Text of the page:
Saturday, October 21, 2017
A couple who’ve been around as much as these two might know a thing or two, because they’ve seen a thing or two (or, so the insurance commercial says!). Kirk and Deby Dearman spent a lot of time abroad prior to the 1990s trying to spread a message through a musical mission in Europe. And, even after they returned to U.S. soil in 1991 (in the Nashville area), they must have felt a calling that took form in one of their songs “Instruments of Your Peace”, allowing them to continue the mission they’d been conducting since their European days. This song’s purpose may be what took a further evolution into a still larger effort to draw people to a peaceful place. Wanna go there?
The Dearmans have had some varied experiences that have no doubt contributed to their development as worship ministry transmitters. Kirk’s musical adventures began as a five-year old with a mother’s wisdom to channel him with piano lessons, a path that blossomed into songwriting and worldwide touring with a musical group by the time he was 20. Meanwhile, Deby too was living all over the world as part of a military family, before meeting Kirk while in college and finding her artistic voice in speech, drama, and stage song and dance. They lived in Dallas, Texas for a while as Kirk ministered at a church as choir director, but it wasn’t long before this married couple and their two daughters went to Europe for seven years. Together with another couple, they formed Creative Arts Europe, a performing arts group that traveled all over the continent. By the early 1990s, Kirk and Deby moved the family back to Nashville from Brussels, where one could speculate they would slow down. This was where Come to the Quiet came to life, their effort to remind Christ-followers of the veneration God deserves. Therein, they combine the arts with contemplative worship in an Anglican service in the Episcopal church. It’s the focus of their website (see link below), as well as their life of encouragement via a joint ministry with some friends in something known as The Journey to Wholeness in Christ, designed to help emotionally troubled people heal. These two have indeed been all over, perhaps giving them a special taste and a need for peace themselves from what, at times, might look like a hectic jaunt from here to there. You might say they have now been living, as well as singing, as instruments of peace.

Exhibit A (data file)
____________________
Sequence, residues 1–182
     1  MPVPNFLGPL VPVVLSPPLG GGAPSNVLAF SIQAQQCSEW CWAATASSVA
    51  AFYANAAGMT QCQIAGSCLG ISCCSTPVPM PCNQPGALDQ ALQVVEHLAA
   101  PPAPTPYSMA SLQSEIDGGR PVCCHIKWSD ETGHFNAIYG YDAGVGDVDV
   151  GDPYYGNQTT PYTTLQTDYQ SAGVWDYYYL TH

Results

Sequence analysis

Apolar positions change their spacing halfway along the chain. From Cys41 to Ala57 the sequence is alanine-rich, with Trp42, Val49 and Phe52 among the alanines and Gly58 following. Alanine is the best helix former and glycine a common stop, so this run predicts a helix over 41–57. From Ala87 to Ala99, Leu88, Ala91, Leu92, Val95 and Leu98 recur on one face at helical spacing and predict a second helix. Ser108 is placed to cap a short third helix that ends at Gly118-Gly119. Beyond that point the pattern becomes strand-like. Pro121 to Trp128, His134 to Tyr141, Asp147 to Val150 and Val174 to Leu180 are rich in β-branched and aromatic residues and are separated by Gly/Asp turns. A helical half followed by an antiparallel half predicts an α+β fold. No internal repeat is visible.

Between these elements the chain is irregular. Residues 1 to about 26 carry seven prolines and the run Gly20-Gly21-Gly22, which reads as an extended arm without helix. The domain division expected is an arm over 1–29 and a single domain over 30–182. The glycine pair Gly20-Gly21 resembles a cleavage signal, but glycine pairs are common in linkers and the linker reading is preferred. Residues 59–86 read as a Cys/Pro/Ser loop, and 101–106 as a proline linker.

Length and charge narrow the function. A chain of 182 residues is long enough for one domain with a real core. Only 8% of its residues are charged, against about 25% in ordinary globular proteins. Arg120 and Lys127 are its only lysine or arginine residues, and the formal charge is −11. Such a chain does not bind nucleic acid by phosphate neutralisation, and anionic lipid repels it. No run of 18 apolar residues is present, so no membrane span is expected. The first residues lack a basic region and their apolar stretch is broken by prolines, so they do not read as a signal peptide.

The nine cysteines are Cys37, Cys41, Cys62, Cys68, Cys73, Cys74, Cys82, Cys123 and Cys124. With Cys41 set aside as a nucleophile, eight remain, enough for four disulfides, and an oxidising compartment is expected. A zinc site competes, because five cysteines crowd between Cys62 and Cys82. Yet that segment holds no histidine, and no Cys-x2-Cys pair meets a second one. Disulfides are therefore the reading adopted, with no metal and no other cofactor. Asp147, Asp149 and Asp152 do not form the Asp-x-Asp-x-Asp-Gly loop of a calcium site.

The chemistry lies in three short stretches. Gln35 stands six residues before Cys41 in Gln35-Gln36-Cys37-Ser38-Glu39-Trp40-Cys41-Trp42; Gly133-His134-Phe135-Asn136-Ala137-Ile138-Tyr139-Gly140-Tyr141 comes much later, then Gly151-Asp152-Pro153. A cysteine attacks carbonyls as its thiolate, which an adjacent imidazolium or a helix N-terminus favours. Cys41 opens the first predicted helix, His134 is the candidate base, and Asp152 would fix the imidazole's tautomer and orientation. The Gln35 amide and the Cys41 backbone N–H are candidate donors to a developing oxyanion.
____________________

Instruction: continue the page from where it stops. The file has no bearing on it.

Hate, hurt, struggle, darkness, and grief – those are the episodes that seemed to have bothered the consciences of the Dearmans around 1993 when they wrote “Instruments…”. Those are the dark emotions they saw, apparently, and chose to not accept. They offer alternatives like these: God’s love, grace, peace, light, and a shoulder for support. It’s all packed into the two verses and chorus they offer, and it hasn’t stopped when Kirk’s fingers pull away from the keyboard, or when they both drop their microphones. They themselves are the instruments. Deby’s artist strokes, Kirk’s pen, and both’s ongoing advice to others in the arts and among the Christian community are tools too. God’s musical gifts are great, but they don’t stop there. Just ask Kirk and Deby.
The composers’ website is here:https://www.cometothequiet.com/about-us
Saturday, October 14, 2017